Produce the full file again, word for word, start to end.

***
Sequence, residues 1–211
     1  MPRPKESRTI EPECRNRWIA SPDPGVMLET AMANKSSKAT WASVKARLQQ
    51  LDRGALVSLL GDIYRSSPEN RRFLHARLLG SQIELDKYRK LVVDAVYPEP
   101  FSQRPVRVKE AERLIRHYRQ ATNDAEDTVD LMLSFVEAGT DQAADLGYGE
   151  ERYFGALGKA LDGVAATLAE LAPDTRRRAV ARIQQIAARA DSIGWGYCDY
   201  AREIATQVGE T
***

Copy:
Sequence, residues 1–211
     1  MPRPKESRTI EPECRNRWIA SPDPGVMLET AMANKSSKAT WASVKARLQQ
    51  LDRGALVSLL GDIYRSSPEN RRFLHARLLG SQIELDKYRK LVVDAVYPEP
   101  FSQRPVRVKE AERLIRHYRQ ATNDAEDTVD LMLSFVEAGT DQAADLGYGE
   151  ERYFGALGKA LDGVAATLAE LAPDTRRRAV ARIQQIAARA DSIGWGYCDY
   201  AREIATQVGE T